The hits out of the way, the next two CDs concentrate on the many, many rarities and unreleased songs in the Sudden archives. Disk three, subtitled Old, New, Lonesome and Blue, leans towards collaborations. Recorded in 2003 and opening the disk, “Out of My Dreams” and “Pistol in My Pocket” feature Kansas City’s likeminded Joey Skidmore, while 1996’s “Laudanum Blues” finds Sudden backed by German garage punks DM Bob & the Deficits and 1986’s “In Your Life” by the same country’s Creeping Candies. A highlight of both artists’ catalogs, “Family Bible” comes from a 2006 single on which Sudden collaborated with Athens, Georgia rock band Southern Bitch, while a “Big Store” recorded in 2003 features backing from Hanover’s psychedelic space rock troop Mandra Gora Lightshow Society. Stripped-down remakes of “Something About You” and “Liquor Guns and Ammo” come from a recording session with Sudden’s pal Max Decharné, formerly of Gallon Drunk and currently leading the Flaming Stars. There’s also an early version of “Chelsea Embankment” retrieved from a Swell Maps B-side and an alternate take of “The Bagman and the Twangman” backed by Peter Buck and members of Drivin’ N’ Cryin’. A handful of Sudden-headlined tracks round out the disk nicely, including “Nothing Left” and “Pockets Full of Silver,” solo acoustic cuts of unknown date and origin, a tender take on Fairport Convention’s “Meet On the Ledge” and the efficiently rocking “I Can’t Stand Up” and “Little Venice,” recorded in Georgia in 2005. Most significant are recordings old and new: the pretty “Mr. Fox,” recorded in 1983 with Waterboys leader Mike Scott for a fanzine, and “The Way Things Used to Be,” a gorgeously shimmering ballad enigmatically listed as “The Last Recording.”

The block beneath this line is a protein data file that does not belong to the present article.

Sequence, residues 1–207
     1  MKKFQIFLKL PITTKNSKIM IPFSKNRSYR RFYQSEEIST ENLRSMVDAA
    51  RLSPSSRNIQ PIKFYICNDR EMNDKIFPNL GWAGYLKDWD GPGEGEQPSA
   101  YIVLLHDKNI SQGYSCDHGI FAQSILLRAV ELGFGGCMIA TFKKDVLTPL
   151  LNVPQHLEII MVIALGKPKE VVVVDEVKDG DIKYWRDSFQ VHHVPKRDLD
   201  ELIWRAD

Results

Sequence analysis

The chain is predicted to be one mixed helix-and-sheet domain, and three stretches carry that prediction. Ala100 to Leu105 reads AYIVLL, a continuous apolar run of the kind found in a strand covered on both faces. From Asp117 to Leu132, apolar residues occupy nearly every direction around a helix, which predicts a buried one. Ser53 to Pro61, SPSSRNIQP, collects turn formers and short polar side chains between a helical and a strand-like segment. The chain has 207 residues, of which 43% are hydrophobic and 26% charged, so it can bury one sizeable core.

As indicated by the subtitle Beau Geste, Lost Souls and Bedroom Concertos, disk four digs deep under Sudden’s mountain of rarities, outtakes, home demos and unreleased recordings. More of a grab bag than an organized collection, the disk nevertheless contains some gems: the blazing “Sea Dog Blues,” recorded live in Tokyo in 1990; the Crazy Horse rock of “The Jewellery Quarter,” from a 1996 session in the Czech Republic; an alternate folk rocking version of Sudden’s classic “All My Sinking Ships” done in France in 1996; the hazy “Behind These Walls” from 1986, with contributions from Rowland S. Howard; the exceptionally strong “Wake Me Up,” a duet with Midnight Choir leader Al DeLoner in 2006; a nice but mysterious cover of the Boys Next Door’s “Shivers,” with no accreditation. About half the tracks come from the obscure cassette-only odds ‘n’ sods compilation Beau Geste. The wildly varying fidelity of these tracks may be an impediment to easy enjoyment, but there are rewards to be had, specifically the “country” version of the Jacobites’ “Hurt Me More,” particularly rocking takes on “Gold Painted Nails” and “Waiting For the Siege,” the odd “England’s Under Cover,” on which Sudden is accompanied by a tape, and a stark, badly recorded solo acoustic version of “The Only Boy in Heaven” with a surprisingly strong vocal. A handful of home-recorded demos from unknown time periods pop up throughout as well, highlighted by “School For Scandal” and “Girls You Fall in Love With.”